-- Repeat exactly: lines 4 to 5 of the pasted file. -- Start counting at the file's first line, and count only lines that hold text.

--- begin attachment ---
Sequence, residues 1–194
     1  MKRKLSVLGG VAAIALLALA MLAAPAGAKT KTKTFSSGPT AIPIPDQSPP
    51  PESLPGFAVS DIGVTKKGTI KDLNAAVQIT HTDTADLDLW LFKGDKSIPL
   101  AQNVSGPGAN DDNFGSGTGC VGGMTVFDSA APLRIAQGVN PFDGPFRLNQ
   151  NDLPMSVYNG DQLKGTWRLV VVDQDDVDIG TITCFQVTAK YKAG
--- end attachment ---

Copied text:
   101  AQNVSGPGAN DDNFGSGTGC VGGMTVFDSA APLRIAQGVN PFDGPFRLNQ
   151  NDLPMSVYNG DQLKGTWRLV VVDQDDVDIG TITCFQVTAK YKAG